Author(s): Nelms K, Keegan AD, Zamorano J, Ryan JJ, Paul WE
Abstract Share this page
Abstract Interleukin-4 is a multifunctional cytokine that plays a critical role in the regulation of immune responses. Its effects depend upon binding to and signaling through a receptor complex consisting of the IL-4R alpha chain and the common gamma chain (gamma c), resulting in a series of phosphorylation events mediated by receptor-associated kinases. In turn, these cause the recruitment of mediators of cell growth, of resistance to apoptosis, and of gene activation and differentiation. Here we describe our current understanding of the organization of the IL-4 receptor, of the signaling pathways that are induced as a result of receptor occupancy, and of the various mechanisms through which receptor function is modulated. We particularly emphasize the modular nature of the receptor and the specialization of different receptor regions for distinct functions, most notably the independent regulation of cell growth and gene activation.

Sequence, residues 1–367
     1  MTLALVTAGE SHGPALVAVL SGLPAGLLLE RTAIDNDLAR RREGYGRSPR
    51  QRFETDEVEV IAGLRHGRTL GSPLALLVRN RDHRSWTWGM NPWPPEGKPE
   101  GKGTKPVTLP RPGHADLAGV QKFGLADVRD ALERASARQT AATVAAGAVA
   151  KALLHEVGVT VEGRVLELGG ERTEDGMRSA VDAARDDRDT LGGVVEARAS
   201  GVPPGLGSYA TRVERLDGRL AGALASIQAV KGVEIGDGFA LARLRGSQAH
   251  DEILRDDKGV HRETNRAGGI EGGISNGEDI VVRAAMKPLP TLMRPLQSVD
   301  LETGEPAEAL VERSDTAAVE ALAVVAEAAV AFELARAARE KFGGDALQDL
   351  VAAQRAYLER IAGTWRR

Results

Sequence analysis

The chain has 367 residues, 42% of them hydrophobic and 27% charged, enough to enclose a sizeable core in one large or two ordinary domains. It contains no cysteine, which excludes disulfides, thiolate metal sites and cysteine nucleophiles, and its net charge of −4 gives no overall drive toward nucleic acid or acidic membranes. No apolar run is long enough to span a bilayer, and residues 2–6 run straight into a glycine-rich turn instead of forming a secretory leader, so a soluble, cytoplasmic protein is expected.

This article was published in Annu Rev Immunol
and referenced in Journal of Clinical & Cellular Immunology